As artistic programmer, you play a central role in all artistic matters in the orchestra before the musicians enter the stage: the vision, programming, and execution of concerts. Developing participatory or experimental concerts offer new challenges for the programmer. Sharing artistic expertise with other art institutions or artists from different disciplines, can question conventional hierarchies and routines. In experimental or participatory projects, audiences become artistically relevant. And seemingly trivial productional choices can have strong artistic effects.
In the dynamics of artistic collaboration, implicit conventions and hierarchies within the orchestral organisation, or between different art disciplines or between styles of music, can become an obstacle. Examples were offered during the Empty Minds and The People’s Salon projects.
A researcher from the MCICM closely followed the experimental concert Empty Minds, part of the i-Classics series of philharmonie zuidnederland (organised in 2018). For this experimental and participatory concert, the orchestra collaborated with composers Wim Hendricx and Antony Fiumara, with the recorder player Erik Bosgraaf. Other partners involved were the Maastricht-based fashion collective FashionClash and the Flemish arts collective playfield, who have expertise in creating interactive theatre plays or installations in which they explore new interactions between actors and spectators.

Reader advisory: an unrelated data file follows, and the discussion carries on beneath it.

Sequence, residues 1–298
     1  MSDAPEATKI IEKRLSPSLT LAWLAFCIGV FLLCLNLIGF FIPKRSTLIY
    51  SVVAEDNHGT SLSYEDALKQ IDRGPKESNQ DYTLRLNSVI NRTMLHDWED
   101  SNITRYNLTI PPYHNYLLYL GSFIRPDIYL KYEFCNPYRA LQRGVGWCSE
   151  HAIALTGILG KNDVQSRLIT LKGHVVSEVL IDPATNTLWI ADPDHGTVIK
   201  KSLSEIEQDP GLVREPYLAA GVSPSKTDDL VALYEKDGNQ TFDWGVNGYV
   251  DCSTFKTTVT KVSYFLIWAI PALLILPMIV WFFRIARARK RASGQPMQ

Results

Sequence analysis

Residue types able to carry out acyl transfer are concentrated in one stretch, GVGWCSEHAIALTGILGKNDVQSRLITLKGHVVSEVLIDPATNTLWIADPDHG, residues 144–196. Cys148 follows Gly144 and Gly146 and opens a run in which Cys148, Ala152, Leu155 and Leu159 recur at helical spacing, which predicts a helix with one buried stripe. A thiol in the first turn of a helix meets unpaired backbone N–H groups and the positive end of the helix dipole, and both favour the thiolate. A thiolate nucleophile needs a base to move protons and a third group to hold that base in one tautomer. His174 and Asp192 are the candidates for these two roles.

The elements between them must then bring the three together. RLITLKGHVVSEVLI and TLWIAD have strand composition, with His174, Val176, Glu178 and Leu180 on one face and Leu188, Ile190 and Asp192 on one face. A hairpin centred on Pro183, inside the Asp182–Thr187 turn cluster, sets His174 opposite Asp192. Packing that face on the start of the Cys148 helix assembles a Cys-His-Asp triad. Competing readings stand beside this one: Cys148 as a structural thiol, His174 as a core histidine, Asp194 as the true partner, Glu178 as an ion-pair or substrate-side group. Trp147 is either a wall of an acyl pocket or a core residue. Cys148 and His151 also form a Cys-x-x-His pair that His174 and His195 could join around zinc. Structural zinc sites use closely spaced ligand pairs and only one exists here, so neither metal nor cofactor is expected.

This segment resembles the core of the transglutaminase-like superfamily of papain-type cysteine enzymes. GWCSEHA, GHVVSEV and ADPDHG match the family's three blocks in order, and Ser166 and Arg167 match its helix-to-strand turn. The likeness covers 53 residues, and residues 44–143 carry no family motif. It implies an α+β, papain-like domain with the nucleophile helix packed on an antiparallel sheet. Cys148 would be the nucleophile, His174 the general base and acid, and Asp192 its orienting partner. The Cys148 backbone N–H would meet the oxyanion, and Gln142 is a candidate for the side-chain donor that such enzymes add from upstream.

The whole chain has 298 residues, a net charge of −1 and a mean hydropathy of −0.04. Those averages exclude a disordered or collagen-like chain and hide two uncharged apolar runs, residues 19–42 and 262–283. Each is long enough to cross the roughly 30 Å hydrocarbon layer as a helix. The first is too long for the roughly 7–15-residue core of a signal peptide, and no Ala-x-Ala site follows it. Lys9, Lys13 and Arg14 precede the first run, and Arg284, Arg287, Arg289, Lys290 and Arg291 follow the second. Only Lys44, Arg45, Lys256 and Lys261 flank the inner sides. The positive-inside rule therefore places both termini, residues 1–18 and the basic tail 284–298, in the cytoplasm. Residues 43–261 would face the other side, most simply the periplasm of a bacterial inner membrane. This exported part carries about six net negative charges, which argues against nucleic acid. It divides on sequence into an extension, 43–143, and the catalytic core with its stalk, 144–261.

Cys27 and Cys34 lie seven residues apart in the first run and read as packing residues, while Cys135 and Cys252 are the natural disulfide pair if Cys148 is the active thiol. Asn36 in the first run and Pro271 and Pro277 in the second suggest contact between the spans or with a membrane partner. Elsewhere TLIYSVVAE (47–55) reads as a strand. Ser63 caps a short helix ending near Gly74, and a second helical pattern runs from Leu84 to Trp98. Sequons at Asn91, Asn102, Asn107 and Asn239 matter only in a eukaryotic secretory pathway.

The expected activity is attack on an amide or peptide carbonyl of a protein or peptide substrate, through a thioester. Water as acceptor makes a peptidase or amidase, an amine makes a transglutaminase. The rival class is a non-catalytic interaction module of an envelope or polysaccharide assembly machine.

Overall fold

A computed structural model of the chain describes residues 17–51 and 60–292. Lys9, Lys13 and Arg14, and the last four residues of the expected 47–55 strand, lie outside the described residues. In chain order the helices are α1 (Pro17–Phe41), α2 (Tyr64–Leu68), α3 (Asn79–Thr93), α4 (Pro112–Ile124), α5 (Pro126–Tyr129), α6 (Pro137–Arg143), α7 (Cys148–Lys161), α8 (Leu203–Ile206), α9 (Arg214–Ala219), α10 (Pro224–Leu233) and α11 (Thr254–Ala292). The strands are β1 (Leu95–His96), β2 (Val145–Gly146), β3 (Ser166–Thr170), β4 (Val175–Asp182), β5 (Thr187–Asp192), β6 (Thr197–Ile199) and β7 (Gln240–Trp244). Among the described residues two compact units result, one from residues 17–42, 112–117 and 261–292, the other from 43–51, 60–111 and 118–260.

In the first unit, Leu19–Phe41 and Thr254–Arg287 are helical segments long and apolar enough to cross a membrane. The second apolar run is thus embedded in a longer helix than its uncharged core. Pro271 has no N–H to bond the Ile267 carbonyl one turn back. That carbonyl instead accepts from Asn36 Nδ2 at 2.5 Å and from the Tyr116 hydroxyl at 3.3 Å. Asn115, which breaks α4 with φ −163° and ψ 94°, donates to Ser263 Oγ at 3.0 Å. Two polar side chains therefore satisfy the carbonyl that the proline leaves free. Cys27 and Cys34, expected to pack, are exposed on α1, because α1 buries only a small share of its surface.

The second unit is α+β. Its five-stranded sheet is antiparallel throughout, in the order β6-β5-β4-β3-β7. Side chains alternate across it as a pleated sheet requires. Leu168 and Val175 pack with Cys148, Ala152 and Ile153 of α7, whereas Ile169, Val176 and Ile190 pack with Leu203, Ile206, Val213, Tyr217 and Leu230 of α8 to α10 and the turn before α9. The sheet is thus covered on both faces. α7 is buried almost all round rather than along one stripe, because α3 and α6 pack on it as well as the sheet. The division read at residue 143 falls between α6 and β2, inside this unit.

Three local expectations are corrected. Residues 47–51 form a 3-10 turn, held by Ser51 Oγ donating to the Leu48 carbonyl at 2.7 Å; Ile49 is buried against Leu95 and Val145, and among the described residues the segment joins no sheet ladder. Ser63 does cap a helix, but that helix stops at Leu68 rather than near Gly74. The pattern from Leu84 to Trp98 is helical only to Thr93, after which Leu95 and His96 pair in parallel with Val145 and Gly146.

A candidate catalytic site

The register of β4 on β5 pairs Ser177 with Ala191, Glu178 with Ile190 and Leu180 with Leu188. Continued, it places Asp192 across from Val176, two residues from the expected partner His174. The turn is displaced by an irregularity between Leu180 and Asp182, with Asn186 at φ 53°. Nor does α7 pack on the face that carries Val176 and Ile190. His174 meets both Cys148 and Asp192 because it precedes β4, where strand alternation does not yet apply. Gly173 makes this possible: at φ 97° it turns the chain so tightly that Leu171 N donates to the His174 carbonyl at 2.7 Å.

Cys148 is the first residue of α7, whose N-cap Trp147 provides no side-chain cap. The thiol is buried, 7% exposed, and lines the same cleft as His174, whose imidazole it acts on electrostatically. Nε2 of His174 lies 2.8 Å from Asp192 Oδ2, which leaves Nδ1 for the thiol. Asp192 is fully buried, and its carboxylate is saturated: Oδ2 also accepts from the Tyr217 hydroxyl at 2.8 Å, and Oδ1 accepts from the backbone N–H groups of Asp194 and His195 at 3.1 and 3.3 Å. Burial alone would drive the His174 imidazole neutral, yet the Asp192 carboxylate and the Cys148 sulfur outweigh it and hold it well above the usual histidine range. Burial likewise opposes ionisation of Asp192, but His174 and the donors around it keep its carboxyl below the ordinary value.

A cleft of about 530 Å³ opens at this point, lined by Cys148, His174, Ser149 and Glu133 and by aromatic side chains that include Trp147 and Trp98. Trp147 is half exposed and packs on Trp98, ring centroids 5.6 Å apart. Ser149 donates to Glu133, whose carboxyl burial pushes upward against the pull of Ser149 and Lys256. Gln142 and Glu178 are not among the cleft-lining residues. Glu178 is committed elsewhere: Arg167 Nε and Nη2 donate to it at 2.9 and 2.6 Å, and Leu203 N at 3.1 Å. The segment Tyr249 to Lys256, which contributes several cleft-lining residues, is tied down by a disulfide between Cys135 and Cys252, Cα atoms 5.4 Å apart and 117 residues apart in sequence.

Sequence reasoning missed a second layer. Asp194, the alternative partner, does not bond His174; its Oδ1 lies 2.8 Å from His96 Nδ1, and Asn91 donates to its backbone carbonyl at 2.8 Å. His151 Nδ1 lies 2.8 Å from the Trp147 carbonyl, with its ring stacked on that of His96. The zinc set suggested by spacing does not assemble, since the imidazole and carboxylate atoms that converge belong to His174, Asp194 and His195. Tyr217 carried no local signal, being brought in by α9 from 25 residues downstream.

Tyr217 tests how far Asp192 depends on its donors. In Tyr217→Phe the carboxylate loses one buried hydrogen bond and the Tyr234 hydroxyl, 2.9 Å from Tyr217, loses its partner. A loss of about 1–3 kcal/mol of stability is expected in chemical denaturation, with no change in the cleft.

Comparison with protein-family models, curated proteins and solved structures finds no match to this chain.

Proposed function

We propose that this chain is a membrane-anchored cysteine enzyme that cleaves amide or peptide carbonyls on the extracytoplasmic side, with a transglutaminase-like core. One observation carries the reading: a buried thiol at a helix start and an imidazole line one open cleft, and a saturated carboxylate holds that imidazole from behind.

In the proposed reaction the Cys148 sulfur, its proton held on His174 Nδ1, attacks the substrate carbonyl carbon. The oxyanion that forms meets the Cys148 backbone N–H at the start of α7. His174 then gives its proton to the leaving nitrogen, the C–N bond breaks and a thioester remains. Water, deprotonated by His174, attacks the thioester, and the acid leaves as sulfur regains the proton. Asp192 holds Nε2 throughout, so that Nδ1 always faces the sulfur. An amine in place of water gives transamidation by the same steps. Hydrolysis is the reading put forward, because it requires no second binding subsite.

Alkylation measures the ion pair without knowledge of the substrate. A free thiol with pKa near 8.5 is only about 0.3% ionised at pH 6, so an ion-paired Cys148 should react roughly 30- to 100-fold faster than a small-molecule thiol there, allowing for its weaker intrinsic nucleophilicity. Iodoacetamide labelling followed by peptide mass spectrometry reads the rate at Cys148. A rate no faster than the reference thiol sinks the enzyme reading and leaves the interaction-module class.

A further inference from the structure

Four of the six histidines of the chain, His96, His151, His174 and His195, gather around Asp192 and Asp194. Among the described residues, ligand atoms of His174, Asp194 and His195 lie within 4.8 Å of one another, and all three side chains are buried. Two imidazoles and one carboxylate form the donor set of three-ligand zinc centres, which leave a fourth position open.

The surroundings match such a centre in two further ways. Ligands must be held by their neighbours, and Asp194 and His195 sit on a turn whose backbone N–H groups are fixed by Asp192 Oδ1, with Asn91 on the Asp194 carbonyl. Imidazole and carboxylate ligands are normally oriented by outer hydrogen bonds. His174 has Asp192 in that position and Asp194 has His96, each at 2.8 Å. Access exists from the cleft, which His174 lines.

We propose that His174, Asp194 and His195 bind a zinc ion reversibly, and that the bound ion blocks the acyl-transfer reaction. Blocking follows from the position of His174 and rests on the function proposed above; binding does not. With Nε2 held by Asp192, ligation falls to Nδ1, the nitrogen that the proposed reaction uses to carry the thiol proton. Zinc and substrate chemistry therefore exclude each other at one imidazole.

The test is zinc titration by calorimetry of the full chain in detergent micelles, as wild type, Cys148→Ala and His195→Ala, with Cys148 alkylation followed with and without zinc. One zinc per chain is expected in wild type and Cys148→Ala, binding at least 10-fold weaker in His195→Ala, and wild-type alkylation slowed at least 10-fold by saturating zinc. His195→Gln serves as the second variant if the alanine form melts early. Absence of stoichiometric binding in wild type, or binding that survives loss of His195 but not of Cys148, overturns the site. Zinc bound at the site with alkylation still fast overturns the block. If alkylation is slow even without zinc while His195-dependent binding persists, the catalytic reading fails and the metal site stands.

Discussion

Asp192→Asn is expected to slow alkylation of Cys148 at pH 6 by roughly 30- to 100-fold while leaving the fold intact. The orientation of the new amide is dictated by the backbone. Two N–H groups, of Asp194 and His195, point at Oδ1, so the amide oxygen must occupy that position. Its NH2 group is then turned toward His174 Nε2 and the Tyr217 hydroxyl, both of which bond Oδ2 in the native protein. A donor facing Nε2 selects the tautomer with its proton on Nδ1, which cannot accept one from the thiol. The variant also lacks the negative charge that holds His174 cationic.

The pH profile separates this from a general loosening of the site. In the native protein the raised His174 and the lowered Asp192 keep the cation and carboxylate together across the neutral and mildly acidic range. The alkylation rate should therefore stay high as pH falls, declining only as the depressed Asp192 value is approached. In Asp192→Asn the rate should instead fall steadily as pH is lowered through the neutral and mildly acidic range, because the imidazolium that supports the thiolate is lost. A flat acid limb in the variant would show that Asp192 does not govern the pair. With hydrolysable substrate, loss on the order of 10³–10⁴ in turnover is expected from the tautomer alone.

The idea of the Empty Minds concert was to create an interactive performance. The audience would wear colourful hats. A camera would register the movements of the audience, to be visible in real-time on a large video screen. On the floor, a playful set of lines and grids would suggest a page in a score. Thus, the hats would function as moving notes in a musical score, indicating to the conductor what part of the score the audience had ‘decided’ to play next. In this artistic vision, the audience member would become the artist, by participating in the making process: the film would be the art work, the performance the making process. The final concerts, however, did not run entirely according to this original plan.
What happened during the performances? The composer/conductor worried that the concert design would distract from the music itself. But the music ‘itself’ and what that music required, as well as the corresponding role of the audience, were not so simple to delineate: as the audience was projected as an integral part of the musical performance, it became an artistic partner. However, the question if the audience could and should be thought of as external to the music, or as an aesthetically meaningful part of it, proved to be too difficult to answer in the collaboration.
What we can learn here for programming a collaborative, participatory concert, is that experimental concerts can be quite complex. Experimental concerts can challenge the hierarchal pattern from conventional symphonic concerts. In the case of Empty Minds, both technological issues and this conventional hierarchy hampered the realization of the initial artistic idea. The authority and the artistic responsibility of the conductor (and the aesthetics of the performed work) eventually remained unchallenged.